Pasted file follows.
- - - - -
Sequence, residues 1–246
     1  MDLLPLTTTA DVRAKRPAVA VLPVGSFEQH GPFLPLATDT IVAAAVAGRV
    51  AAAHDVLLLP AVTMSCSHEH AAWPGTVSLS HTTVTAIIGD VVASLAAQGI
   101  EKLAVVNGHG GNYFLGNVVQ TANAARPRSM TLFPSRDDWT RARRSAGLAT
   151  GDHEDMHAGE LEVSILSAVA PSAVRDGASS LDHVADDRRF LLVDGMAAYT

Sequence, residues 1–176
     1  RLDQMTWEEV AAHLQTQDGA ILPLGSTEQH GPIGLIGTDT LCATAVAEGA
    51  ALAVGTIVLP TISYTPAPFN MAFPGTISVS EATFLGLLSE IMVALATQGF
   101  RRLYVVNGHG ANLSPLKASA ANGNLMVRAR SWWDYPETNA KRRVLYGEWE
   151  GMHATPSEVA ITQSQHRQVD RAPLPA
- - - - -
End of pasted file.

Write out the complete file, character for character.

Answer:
Sequence, residues 1–246
     1  MDLLPLTTTA DVRAKRPAVA VLPVGSFEQH GPFLPLATDT IVAAAVAGRV
    51  AAAHDVLLLP AVTMSCSHEH AAWPGTVSLS HTTVTAIIGD VVASLAAQGI
   101  EKLAVVNGHG GNYFLGNVVQ TANAARPRSM TLFPSRDDWT RARRSAGLAT
   151  GDHEDMHAGE LEVSILSAVA PSAVRDGASS LDHVADDRRF LLVDGMAAYT

Sequence, residues 1–176
     1  RLDQMTWEEV AAHLQTQDGA ILPLGSTEQH GPIGLIGTDT LCATAVAEGA
    51  ALAVGTIVLP TISYTPAPFN MAFPGTISVS EATFLGLLSE IMVALATQGF
   101  RRLYVVNGHG ANLSPLKASA ANGNLMVRAR SWWDYPETNA KRRVLYGEWE
   151  GMHATPSEVA ITQSQHRQVD RAPLPA